Skip to main content

Panaka Punch

This post would have never occurred to me, had it not been for a recipe for panaka  I came across in Madhur Jaffrey's James Beard award winning book 'World Vegetarian' (p. 644) . Its hard to retire quietly at 1.15 am when you see something that is so much a part of ones life, listed as 'Extinct'. A death knell so loud, that I had to vent about it immediately!

The Hindu festival 'Ram navami' is celebrated in the month of April all over India. One of the traditional festive offerings in South Indian temples & households for this event is 'panakam', a refreshing punch like drink made with ginger, gud (jaggery) and lime & flavored with cardamom. A time honored tradition kept alive for the past 3000+ (yes, three thousand) years.

Ideally I should have thought about posting this delicious refreshing beverage in the height of summer, but hey... summer or fall, it makes for a great drink.The recipe varies from household to household, but the taste is singularly delicious.

Disclaimer: I have taken some creative liberties with the basic recipe ( marked with a *), but these substitutions do not deviate from the flavor profile significantly.

You need:
3-4 tsp brown sugar* or Gud/jaggery  (available in Indian Stores)
1 tsp powdered dry ginger
2-3 pods cardamom seeds crushed
Juice of 1/2 a lime
water  as required
or
2 oz water +  lime flavored seltzer water as required*
Ice cubes


Heat the  brown sugar (or gud) and 2 oz water in a microwave for about 30 s till dissolved. add powdered ginger and crushed cardamom & steep for about 5- 10 min. Squeeze the juice of 1/2 a lime in a  tall glass filled with ice cubes and strain the  syrup into the glass.Add the remaining water or seltzer as preferred. Garnish with a slice of lime. Stir & serve chilled.

(For The boozy version follow this link or this one from Monica Bhide's website. )

Comments

Popular posts from this blog

Summer Grilling - Grilled Halloumi with herb/avocado spread and pineapple

Depending upon cultures, its interesting to see how people react to the advent of summer. In India, It was to confine yourself indoors for the fear of getting a dark tan, stepping out with an umbrella to shield oneself from the intense sun and a host of 'cooling' foods such as Yogurt rice, and chilled fruits. The very idea of grilling anything out in the blazing sun would send a shudder down the spine. Grilling over coals was confined to cooler months and the rainy season when vendors would stroll the streets with carts full of corn to be roasted in a 'Sigri' (a Coal oven made of sheet metal). In sharp contrast, With the advent of Memorial Day in the US of A, there's a scramble to get the  grills and  barbecues readied for cooking foods the way our   cave men ancestors used to. Meat, Meat & more Meat, with a tiny footnote for grilling veggie burgers and marinaded vegetables.  Well, if you can't beat 'em, Join 'em! While that rallying

Product Review: Ninja Mega Kitchen system and a recipe for Masala Dosa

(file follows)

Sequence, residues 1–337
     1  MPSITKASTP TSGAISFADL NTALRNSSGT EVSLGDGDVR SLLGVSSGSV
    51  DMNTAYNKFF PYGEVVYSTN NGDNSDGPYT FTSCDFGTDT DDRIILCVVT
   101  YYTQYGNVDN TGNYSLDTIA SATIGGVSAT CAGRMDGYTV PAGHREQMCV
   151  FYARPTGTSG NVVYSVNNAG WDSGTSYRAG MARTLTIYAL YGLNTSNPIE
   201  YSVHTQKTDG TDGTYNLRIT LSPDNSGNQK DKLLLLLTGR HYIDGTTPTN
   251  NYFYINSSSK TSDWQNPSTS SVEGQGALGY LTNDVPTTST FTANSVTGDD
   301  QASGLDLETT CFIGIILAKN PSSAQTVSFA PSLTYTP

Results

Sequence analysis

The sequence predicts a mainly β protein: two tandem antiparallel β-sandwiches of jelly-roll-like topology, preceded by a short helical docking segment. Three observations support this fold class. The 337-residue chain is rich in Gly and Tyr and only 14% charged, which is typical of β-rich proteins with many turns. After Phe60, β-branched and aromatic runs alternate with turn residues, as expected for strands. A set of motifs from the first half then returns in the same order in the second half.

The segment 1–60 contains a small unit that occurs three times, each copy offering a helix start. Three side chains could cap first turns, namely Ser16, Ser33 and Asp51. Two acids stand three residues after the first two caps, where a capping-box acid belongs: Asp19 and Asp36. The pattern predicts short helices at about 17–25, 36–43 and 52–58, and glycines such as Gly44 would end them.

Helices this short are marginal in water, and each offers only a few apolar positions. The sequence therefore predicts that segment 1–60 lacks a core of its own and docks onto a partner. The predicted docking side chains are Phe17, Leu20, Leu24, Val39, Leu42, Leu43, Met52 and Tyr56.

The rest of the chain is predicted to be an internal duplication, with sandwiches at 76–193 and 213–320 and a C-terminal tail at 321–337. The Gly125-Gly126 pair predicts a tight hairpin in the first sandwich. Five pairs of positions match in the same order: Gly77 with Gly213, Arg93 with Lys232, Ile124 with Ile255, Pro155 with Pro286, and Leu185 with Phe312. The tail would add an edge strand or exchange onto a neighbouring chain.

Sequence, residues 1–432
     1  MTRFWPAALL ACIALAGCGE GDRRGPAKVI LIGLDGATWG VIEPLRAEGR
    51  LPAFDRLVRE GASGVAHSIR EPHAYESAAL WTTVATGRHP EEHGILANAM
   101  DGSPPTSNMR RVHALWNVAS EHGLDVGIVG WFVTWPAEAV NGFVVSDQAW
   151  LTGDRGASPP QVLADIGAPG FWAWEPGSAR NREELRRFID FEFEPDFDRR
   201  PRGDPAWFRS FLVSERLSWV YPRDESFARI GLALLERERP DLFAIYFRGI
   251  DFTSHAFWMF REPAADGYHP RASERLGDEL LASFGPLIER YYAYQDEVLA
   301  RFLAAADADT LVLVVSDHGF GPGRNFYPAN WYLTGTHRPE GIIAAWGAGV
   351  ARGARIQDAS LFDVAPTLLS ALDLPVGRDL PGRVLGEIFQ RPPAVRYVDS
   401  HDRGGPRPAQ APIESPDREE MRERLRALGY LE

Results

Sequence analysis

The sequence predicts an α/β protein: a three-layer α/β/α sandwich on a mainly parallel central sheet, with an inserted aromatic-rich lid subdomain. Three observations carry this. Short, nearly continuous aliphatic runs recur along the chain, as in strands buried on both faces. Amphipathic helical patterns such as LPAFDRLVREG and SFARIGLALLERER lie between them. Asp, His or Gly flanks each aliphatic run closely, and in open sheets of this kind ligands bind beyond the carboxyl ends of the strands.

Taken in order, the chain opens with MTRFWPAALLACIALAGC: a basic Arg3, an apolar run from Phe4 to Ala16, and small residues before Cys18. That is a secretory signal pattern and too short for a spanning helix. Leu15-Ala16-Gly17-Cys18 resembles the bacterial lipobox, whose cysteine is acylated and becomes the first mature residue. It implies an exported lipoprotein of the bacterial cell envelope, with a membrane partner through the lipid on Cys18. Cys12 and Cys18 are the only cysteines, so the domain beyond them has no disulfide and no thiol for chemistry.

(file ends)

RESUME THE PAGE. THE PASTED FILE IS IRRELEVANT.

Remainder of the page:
One of the biggest reasons for attending conferences is the priceless experience of meeting fellow bloggers and get an invaluable exposure to all things  culinary. This includes vendors with new products to savor and get inspiration from. I had no complaints about whatever appliances I had for making traditional Dosa (Traditional South Indian rice & lentil crepes) batter, a sturdy tabletop stone grinder that you could add the Urad dal, turn the timer on , and 30  minutes later, come back to a container full of fluffy, batter with the consistency of whipped egg whites. The The cons of this is the cleaning up, of the various parts, the roller, the grinding bin, the multiple trays on which the rollers need to be placed while transferring the rice & lentil batter, the invariable drips of thick batter on the counter.... you get the point, It takes quite a bit of time. I was pleasantly surprised when the appliance company, Ninja asked me if I'd like to try any of their

Tweaking techniques for the twenties - Idli

  Just because something works doesn't mean it cannot be improved  - Letitia Wright (Shuri) , The Black Panther The iconic Idli has and always will be a signature Indian dish. As  a child, I'd watch my mother seat herself in front of the grinding stone  (attukal in Tamil) and spend the next couple of  hours making two different batters - one with parboiled soaked rice and the other - with hydrated Urad dal.  The starch batter usually went first, and was done relatively quick. the next one - with the lentils for some reason, took over an hour. By the time I grew up, the old grinding stone had been replaced with a blender. and my mother would ever so often wax nostalgic about the old stone ground batter and how the blender heated up the batter and made the idlies lumpy instead of the fluffy spongy ones she'd eaten as a child growing up in rural Tamil Nadu. As a teenager I once had the chance to make batter the traditional way and it was one serious workout but the texture of